When you’re in the city, it’s important to think vertically for your gardens, and your access to sunlight also makes a big difference. If you want to live downtown but grow some of your own herbs and vegetables, find an apartment with a balcony or patio that faces west or south, and then take advantage of stacking pots and other vertical gardening options so that you can make the most of the space allotted to you.

4. Shop Locally

Often times, local shops and farmer’s markets congregate in inner-city areas, rather than in the suburbs, where chains and big box stores are more common. According to sustainableconnections.org, shopping locally reduces your environmental impact in several ways. For one, local businesses tend to source their supplies locally, which means there is less transportation and use of fossil fuels involved in getting products to you.

Shopping locally for your food has even more environmental impact, since local farmers tend to be better stewards of the local earth and environment, as they rely on it for generations’ worth of sustainable farming. Even local farms that are not certified organic use more sustainable farming practices than sprawling farming conglomerates that grow produce for chain supermarkets and box stores.

5. Recycle

Because more cities are focusing on green initiatives, it’s often easier for urban dwellers to recycle than it is for suburbanites or individuals who live in the country to do the same. If you aren’t already recycling whenever possible, find out more about your city’s recycling initiatives, and take advantage of them.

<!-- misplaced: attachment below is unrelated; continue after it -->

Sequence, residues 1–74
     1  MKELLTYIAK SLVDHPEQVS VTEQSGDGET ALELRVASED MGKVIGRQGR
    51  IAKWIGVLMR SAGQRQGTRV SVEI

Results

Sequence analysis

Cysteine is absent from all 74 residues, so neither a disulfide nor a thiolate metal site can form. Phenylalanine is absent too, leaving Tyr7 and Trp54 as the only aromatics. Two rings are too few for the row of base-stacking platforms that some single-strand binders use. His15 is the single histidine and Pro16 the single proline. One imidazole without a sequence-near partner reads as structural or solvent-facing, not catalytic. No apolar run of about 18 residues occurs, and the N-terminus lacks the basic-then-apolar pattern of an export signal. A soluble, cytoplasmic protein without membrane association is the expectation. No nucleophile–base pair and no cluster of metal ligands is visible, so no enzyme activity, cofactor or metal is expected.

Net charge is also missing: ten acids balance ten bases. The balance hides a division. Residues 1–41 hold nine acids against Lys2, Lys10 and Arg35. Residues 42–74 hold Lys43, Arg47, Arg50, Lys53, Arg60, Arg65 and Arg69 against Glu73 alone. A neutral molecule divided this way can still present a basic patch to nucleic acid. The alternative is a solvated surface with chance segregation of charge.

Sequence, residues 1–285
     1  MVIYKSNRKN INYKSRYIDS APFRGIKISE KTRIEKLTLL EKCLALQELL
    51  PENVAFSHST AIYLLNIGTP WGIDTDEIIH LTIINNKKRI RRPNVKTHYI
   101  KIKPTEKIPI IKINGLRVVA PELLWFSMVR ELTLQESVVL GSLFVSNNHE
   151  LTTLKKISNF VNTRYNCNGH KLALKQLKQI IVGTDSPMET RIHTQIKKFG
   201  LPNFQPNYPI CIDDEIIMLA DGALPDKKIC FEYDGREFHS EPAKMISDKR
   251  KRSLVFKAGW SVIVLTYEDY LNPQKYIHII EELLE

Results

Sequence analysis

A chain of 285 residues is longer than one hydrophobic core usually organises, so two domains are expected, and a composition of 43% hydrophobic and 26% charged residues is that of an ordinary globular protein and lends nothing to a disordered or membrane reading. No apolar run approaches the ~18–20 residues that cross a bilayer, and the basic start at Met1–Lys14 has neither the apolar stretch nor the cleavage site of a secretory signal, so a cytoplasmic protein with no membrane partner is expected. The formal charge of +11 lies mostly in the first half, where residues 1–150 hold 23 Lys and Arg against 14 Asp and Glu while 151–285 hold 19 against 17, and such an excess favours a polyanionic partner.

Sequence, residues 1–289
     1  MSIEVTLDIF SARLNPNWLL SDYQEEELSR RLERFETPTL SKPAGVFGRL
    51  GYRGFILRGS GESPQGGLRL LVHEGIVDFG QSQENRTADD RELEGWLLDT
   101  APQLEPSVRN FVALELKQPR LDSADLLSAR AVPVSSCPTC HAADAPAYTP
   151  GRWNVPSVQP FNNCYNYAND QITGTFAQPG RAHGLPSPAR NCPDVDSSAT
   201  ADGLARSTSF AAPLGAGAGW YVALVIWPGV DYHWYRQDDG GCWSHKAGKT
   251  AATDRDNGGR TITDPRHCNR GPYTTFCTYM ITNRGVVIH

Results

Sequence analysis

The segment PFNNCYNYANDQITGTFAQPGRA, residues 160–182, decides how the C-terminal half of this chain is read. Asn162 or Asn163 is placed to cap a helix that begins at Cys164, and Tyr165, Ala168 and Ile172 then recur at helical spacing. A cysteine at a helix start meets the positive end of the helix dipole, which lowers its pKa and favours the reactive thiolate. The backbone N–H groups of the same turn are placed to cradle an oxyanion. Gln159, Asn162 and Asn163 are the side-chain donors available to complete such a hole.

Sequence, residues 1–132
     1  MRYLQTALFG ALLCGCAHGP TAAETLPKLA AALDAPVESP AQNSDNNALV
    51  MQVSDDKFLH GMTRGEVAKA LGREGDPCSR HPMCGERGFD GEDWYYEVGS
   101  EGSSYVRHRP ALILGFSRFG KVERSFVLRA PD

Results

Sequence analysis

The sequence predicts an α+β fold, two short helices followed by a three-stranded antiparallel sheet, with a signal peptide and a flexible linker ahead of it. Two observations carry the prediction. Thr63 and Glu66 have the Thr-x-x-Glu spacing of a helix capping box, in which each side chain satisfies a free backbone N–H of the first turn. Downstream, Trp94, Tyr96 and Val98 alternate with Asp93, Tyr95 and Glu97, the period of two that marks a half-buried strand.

One advantage of apartment living is that urban apartments often offer recycling pick-up services. Even if this isn’t the case with your apartment, check for recycling drop-off points within easy walking distance of your home. You can seriously reduce your environmental footprint simply by recycling whatever and whenever you can.

6. Support Your Local Parks

As today’s cities strive to become more environmentally friendly, more of them are putting environmental initiatives into practice by cultivating green spaces for the communities in the form of local parks. These green spaces help clean up the air in cities, and can even help clean up the water supply that is often contaminated by run-off from the city’s asphalt and concrete services.

By supporting your local parks systems through voting for city initiatives that support and expand city parks, volunteering in your local park, or simply enjoying what the parks system has to offer on a regular basis, you can ensure that your city continues to expand and promote the parks system.

Going green even when you live in the city isn’t actually that difficult. Sure, you probably can’t raise chickens or grow all your own produce, but you can buy locally-raised poultry and vegetables and grow your own herbs instead. These six simple steps can help you reduce your carbon footprint and have a positive impact for the environment, even when you live in the city.

This article was contributed by Daniela Baker from http://www.creditdonkey.com/frugal-commuter.html

This article was originally posted on Natural Environment.